The Two-Way Gift of Health

maryOur health is a gift, not just from the Creator, but also from our parents. The field of genetics is still full of mystery, but we do know that the health of our parents when they brought us into the world plays a large role in determining what our own level of health will be, and your health will play a major role in your children’s health.

People generally assume that most health issues depend simply on the genes we pass on, that they determine what makes us more or less vulnerable to various diseases and health conditions. Many of us don’t make the connection that we directly pass on to our children a reflection of our own state of health, apart from genetic factors.

As a result, our children often suffer from the same digestive, immune, and chronic health issues that we do, not just because of genes but also because of how we care for ourselves. If you’ve had problems with your digestion, it should not come as a surprise that your child is colicky. So before you think about having a baby, first consider how to rebuild and restore your own health. Not only will you be passing on to your future children a head start in health, but the habits you develop will benefit them throughout life.

Getting Your Gift in Shape

The place to start building your health is with your diet and your nutritional lifestyle. Nutrients are the building blocks of cells, and it is vital to take in nutrients that build healthy cells. Diets full of healthy fats, grass-fed and organic proteins, fermented foods, properly prepared grains, and fresh fruits and vegetables are vital. While there are several very good diet suggestions out there, I personally recommend Diet for Pregnant and Nursing Mothers as a good starting place. It’s published by the Weston A. Price Foundation and offers great guidance for nourishing your body and preparing the inner stores of nutrients necessary for pregnancy.

Most people recognize the need for protein, iron, and vitamins from fresh fruit and vegetables, but it is only recently becoming known that healthy fats are needed as well. A British publication noted that for a healthy reproductive system, a woman needs 25 to 30 percent body fat, while the American recommendation for women of child-bearing years is 21 to 33 percent. Healthy fats include coconut oil, whole milk, extra virgin olive oil, avocados, and grass-fed butter and meats (with healthy portions of the fat included). A great primer in the study of fats is Nourishing Traditions by Sally Fallon.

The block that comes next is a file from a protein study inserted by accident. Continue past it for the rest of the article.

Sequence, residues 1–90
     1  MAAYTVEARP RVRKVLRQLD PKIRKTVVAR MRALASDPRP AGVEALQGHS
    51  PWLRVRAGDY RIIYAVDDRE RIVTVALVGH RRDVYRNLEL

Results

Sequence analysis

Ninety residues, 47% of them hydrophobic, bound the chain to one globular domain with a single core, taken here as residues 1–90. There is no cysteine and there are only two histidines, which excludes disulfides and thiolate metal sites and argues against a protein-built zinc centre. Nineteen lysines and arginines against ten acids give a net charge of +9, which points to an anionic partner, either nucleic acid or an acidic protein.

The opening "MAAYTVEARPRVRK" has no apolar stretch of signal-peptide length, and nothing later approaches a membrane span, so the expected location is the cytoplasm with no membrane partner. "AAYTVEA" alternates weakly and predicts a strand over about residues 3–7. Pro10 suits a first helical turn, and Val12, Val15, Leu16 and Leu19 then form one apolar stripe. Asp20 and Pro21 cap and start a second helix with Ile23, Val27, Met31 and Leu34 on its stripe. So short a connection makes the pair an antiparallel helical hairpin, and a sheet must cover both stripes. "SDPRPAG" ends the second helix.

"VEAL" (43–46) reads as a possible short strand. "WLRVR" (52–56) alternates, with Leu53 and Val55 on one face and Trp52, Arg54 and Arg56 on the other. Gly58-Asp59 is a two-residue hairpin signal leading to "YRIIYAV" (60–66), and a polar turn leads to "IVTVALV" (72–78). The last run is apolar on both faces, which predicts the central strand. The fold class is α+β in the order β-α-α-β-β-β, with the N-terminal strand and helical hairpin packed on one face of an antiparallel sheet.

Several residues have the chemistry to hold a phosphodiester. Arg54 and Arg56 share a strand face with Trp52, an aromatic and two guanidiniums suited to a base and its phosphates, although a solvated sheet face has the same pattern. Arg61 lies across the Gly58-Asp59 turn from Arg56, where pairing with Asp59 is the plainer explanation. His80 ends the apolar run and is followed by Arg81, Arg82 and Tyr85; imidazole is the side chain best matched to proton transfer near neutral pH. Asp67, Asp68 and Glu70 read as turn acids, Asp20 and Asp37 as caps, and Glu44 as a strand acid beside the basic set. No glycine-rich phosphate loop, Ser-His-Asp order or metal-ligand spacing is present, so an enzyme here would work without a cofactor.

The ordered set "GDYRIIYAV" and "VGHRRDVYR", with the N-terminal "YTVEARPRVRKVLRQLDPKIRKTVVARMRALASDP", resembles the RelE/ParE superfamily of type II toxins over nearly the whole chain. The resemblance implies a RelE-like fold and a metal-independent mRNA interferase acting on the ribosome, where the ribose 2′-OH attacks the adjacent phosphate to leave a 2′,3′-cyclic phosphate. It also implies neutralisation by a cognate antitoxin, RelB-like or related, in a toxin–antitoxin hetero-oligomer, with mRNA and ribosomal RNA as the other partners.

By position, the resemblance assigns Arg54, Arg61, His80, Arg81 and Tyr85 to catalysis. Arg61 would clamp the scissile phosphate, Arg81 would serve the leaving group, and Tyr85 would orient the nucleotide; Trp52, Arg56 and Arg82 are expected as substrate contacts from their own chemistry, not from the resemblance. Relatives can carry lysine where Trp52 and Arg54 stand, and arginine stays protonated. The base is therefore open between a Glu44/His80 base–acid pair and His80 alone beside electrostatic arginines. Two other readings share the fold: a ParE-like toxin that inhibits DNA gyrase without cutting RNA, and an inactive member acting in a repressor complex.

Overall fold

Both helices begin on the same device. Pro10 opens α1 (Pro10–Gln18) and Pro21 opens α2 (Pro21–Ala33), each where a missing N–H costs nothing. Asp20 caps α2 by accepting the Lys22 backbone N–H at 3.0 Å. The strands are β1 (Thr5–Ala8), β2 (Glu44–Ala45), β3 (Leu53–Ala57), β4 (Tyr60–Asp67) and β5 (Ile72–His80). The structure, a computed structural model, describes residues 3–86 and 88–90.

Just as important as what you put in your body is what you don’t put in. Fats to avoid are shortening, margarine, vegetable oils like corn, soybean, and canola oil. Other no-no’s include artificial sweeteners, white sugar, white flour, MSG, High Fructose Corn Syrup, caffeine, and soft drinks (even cherry limeades!). Not only are they empty calories, they are often toxic to the body.

Another crucial part of your lifestyle evaluation is your level of physical activity. At any time in life, exercise keeps the body feeling well, the joints moving, aches and pains dispelled, and increases overall vitality. To “get in shape” for pregnancy, it’s important to incorporate into daily life activities and exercises that increase stamina, flexibility, and cardio function. If you’re wary of exercise because of pain, I recommend you read Pain Free. I’ve followed its guidelines for almost a year now and have found incredible relief from aches and pains, while increasing my flexibility and balance.

When you exercise while pregnant, it’s important that you not burn too much fat. High impact aerobics and long distance running often burn more than the recommended amount of body fat for a healthy pregnancy. The key here is to research the regimen you will be participating in and maintain a level that’s right for you.

Join us tomorrow for Part 2 when we discuss choosing supplements and avoiding morning sickness. 

Mary Ewing has been with Beeyoutiful for six years (through three pregnancies!). She enjoys exploring life with her husband and five children as they cook, garden, play and dream of homesteading. Her interests include traditional cooking, learning about herbs and essential oils, and traditional art forms such as sewing, crocheting, knitting and smocking.

Digestion: the Building Blocks to a Healthier You

Digestion: The Building Blocks to a Healthier You

by Jessica Bischof

It has often been said, “you are what you eat,” but this is only partially true. In reality, you are what you eat and digest. You could eat the most amazing organic, locally sourced, whole food diet, and yet, if you cannot digest and assimilate it properly, you are only getting a fraction of the nutrition your food could be providing to your body.

Amazingly, digestion is something that is rarely discussed, even in the holistic health world! In my work as a Nutritional Therapy Consultant (NTC), I find that nearly all of my clients need to strengthen this foundational area.